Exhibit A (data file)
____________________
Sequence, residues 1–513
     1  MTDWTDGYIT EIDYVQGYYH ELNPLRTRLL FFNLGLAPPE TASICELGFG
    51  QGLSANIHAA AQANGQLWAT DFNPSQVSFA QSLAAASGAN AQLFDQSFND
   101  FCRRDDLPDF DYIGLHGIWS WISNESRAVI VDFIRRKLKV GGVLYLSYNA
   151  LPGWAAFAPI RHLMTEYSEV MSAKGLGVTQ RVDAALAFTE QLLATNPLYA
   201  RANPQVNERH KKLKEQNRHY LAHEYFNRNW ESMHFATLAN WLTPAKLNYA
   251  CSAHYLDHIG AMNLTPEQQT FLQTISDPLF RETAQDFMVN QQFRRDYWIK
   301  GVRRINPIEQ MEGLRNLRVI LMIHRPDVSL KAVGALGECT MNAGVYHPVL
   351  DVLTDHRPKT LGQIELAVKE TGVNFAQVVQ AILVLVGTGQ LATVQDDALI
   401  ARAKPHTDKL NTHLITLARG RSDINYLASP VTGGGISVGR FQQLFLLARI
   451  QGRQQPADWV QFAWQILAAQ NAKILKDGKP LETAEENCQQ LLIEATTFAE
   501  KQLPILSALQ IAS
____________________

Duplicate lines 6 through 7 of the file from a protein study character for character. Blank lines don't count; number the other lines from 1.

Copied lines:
   201  RANPQVNERH KKLKEQNRHY LAHEYFNRNW ESMHFATLAN WLTPAKLNYA
   251  CSAHYLDHIG AMNLTPEQQT FLQTISDPLF RETAQDFMVN QQFRRDYWIK